Eggs That Clank

Week of May 22, 2002

Eggs That Clank
Cowboy boots, not ruby-red slippers: Thank God someone in this old-boy's network we call a city has the huevos to pick apart the pile of turd known as the Old Post Office plan [Jim Nesbitt, "Smoke and Numbers," May 15]. The Post-Disgrace ain't touching it. They're in bed with the rest of the great white fathers. Joe Pulitzer must be rolling in his grave if he knows how the P-D is whitewashing this piece of fecal matter. The powers that be at the RFT need to know that the St. Louis public wants a laser beam focused on this deal and the topic is not dead. Continue directing our attention to the man behind the curtain.
Ajay Zutshi
St. Louis

Bluff Called
Head east? Nah: I admit that I rarely agree with your point of view. But your article [Ray Hartmann, "The People's Stadium Bill," May 15] was perfect in describing the current state of the proposed new stadium. One point I would add is that these owners would never build a stadium anywhere but downtown because of risking future revenue. They want state money because they are unwilling to risk their own for revenue gains. A move to Illinois could cause their attendance to decrease over time because many suburbanites consider the East Side too far away and too dangerous. No way these guys risk the consistent three-million-fan attendance per year for a potential gain from a new stadium in Illinois. They don't want a stadium in Illinois.
Michael Bishop
via the Internet

Radar Dart
You're right -- she loves hate mail: It's a well-known fact in the St. Louis journalism community that writers at the Riverfront Times are often encouraged and even complimented by hate mail they receive. This letter may be construed as one of them, though it's not intended to reward anyone. Consider the unprofessionalism of René Spencer Saller's quote from this week's "Radar Station" [May 15] singling out Jeff Harlan's name in bold print. Whatever the grudge she has against him doesn't warrant this self-serving, underhanded little dig solidly set in the stone of printer's ink. It only proves further that Ms. Saller doesn't seem to care so much about St. Louis music as much as she cares about publicly retaliating against people who don't share her musical opinions. And if you don't share her taste and philosophy about music, well then, it could be your name to wind up in next week's column.
Carrie Lindsey
via the Internet

Surely You Joust
Off with his head: You have apparently missed the magic and fun that the Renaissance Faire provides to so many patrons seeking a reprieve from the world of computers, traffic jams and air pollution [Byron Kerman, "Knight Trash," May 8]. A Renaissance Faire is not only made up of fried food and buxom wenches, it has a certain comradery that is difficult if not impossible to come across in the daily world. The magic comes from the ideals of the time: courtly love, chivalry, romance, honor, respect -- the things this society severely lacks but desperately needs to embrace. It also brings a bit of history to life. The weapons of old, the social castes that were in place in society, the use of a monarchy instead of a democracy, the influence of religion on all aspects of life can all be found to be "living" at a Renaissance Faire. Just because you do not understand the many aspects of the Faire does not give you the right to judge people on their attitude or their weight. Would you like to be deemed an "asshole" when you are in the middle of a difficult task and you don't have time for chitchat? Sharpening a blade on a wheel is not as easy as it appears. And the weight of a couple getting married is not the focus of a wedding. The celebration of a couple's love and commitment to one another, no matter what their appearance, is the only thing that matters. How shallow are you? Methinks thou should be thrown into the stocks.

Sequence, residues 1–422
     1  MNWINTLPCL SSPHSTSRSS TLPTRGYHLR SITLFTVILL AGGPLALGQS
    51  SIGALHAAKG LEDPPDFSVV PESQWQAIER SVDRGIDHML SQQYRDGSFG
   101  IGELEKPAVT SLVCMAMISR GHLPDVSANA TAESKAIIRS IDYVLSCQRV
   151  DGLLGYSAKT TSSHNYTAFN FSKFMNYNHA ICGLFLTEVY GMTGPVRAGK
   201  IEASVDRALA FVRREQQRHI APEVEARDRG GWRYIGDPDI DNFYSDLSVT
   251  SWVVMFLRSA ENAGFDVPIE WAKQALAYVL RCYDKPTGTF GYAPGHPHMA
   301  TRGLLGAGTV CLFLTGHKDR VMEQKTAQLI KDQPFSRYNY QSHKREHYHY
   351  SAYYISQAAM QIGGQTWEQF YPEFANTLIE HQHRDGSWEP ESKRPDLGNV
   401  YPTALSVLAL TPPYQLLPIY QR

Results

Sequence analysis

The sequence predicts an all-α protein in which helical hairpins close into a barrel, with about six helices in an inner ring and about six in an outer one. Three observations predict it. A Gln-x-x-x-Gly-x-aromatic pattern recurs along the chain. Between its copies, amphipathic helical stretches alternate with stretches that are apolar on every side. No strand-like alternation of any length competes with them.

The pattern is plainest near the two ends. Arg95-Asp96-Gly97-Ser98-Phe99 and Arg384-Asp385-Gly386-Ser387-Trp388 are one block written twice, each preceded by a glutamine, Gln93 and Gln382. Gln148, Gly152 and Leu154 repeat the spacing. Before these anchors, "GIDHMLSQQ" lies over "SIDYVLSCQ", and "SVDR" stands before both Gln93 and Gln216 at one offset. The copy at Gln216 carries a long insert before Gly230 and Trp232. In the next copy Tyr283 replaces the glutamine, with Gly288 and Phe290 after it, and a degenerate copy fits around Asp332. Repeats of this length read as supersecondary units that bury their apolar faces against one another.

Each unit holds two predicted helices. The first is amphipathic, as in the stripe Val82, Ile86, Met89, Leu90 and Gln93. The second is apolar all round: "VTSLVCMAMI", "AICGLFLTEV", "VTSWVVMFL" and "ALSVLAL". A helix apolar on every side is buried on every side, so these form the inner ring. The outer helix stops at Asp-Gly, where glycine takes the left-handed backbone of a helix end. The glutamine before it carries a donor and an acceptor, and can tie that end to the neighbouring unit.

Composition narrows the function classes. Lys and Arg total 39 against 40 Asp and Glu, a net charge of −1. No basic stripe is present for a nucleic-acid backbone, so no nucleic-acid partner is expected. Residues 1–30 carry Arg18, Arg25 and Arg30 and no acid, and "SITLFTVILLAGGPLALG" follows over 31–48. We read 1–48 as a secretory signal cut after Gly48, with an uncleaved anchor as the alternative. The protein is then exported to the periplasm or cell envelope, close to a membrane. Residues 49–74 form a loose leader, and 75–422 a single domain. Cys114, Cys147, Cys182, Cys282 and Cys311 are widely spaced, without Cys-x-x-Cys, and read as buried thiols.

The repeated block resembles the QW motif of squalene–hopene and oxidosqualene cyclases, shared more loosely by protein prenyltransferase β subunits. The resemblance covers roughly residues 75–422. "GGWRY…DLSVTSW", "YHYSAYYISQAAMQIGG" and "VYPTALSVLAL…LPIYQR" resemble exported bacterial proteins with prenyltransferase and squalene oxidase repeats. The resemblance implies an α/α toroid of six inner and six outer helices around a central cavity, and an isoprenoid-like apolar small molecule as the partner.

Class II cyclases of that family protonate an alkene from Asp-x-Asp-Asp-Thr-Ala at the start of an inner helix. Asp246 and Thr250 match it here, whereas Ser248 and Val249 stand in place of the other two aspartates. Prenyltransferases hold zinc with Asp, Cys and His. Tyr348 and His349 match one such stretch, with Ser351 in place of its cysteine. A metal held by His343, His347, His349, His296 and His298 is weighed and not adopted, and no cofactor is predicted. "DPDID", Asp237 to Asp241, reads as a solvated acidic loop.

Anna Timm
Kenosha, Wisconsin

On Target
Straight-shooting surprise: As a longtime (and proud) member of America's gun culture and as a pro-Bill of Rights activist, I saw the cover of the Riverfront Times and thought, "Uh-oh, here we go again ..." Upon opening the paper to the article, however, I was more than pleasantly surprised [Jeannette Batz, "Firepower," May 1]. Where I least expected to find it, there was an article about the gun culture which was surprisingly balanced, fair and accurate! The author has gone far beyond what so often passes these days for journalism. In fact, she has revived my faith in the idea that journalistic integrity still exists somewhere. She made an honest effort to present this part of the American cultural landscape as it really is -- the hunter; the target shooter; those who, recognizing the obligation as well as the right of self-defense, choose to own firearms for that purpose; and those who recognize that the right to keep and bear arms protects, among other things, her right to speak and write as she will. I suppose I should not have been surprised -- after all, the RFT prides itself on being the voice of the less enfranchised, less wealthy and less politically connected.
John A. Wolf
Rock Hill

The St. Louis Clergy Coalition decided at meetings held on April 18 and 25 to delay a presentation by supporters of Citizens for Home Rule until after the group's summer hiatus. The dates were incorrect in the May 1 "Speedloader" column.

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